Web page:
The present findings provide several novel insights into the pathology and potential treatment of neuropathic pain. We have demonstrated that PNI induces a major reorganization of translation regulation signaling, translation machinery and RNA-binding proteins in the injured PNS. These changes are directly linked to increased eIF4F complex formation and augmented nascent protein synthesis. We have identified AMPK activation as a novel avenue for the potential treatment of neuropathic pain in humans. Metformin and A769662 both alleviated neuropathic allodynia, inhibited translation regulation pathways associated with PNI and decreased sensory neuronal excitability. No clinical trials have assessed the efficacy of metformin for neuropathic pain. These studies provide a compelling preclinical rationale for the clinical assessment of metformin for neuropathic pain in humans and for the future development of more efficacious AMPK activators for the treatment of chronic pain disorders.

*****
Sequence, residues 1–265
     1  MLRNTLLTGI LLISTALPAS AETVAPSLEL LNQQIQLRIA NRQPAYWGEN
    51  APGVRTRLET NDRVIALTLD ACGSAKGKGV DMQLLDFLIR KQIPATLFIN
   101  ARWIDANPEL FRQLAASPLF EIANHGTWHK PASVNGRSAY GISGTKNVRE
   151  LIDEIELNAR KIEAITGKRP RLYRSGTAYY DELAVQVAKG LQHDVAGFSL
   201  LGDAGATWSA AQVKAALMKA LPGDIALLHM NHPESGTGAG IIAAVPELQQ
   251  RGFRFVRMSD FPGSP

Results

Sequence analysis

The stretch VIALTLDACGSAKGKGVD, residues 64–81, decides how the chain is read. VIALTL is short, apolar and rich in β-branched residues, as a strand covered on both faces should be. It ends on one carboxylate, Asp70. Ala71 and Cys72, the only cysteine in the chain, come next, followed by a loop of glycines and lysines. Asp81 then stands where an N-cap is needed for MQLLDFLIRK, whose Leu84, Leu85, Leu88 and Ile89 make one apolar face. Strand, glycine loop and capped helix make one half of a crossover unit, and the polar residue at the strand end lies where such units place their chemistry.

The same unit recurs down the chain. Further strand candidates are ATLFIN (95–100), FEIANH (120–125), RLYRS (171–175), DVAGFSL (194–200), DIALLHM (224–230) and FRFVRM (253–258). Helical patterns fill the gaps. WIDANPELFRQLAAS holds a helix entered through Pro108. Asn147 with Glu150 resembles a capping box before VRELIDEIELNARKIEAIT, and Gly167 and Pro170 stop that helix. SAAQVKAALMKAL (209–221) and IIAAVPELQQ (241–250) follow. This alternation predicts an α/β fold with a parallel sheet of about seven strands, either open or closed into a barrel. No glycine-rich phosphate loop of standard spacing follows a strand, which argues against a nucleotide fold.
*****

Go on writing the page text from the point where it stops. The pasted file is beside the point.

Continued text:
Translation control in the axonal compartment of neurons contributes to development of the peripheral and central nervous systems , is involved in axonal regeneration following injury [26, 27] and contributes to pain plasticity [7, 8]. Likewise, the repertoire of mRNAs localized to the axonal compartment is developmentally regulated and shows plasticity upon injury [26–30]. Interestingly, a recent non-biased approach to mRNA profiling of the axonal compartment of DRG neurons revealed a developmental shift toward localization of mRNAs involved in immune regulation and nociception in the adult DRG axon . In support of this mRNA profile, we have recently demonstrated that NGF and/or IL-6-induced allodynia is dependent on local, axonal translation from existing pools of axonally localized mRNAs . The present findings enhance our understanding of plasticity of translation control after PNI. While changes in mRNA localization have been observed after pre-conditioning peripheral nerve lesions , we found that PNI induces profound changes in activity of kinases associated with translation control (e.g. mTOR and ERK), phosphorylation of their downstream targets and in overall levels of proteins involved in RNA processing and transport (e.g. Mov10, FMRP and rck/p54). This reorganization results in increased eIF4F complex formation and nascent protein synthesis in the injured sciatic nerve. Moreover, these changes are directly correlated to normalization of neuropathic allodynia as metformin reversed changes in protein synthesis in injured sciatic nerves and resolved PNI-induced allodynia.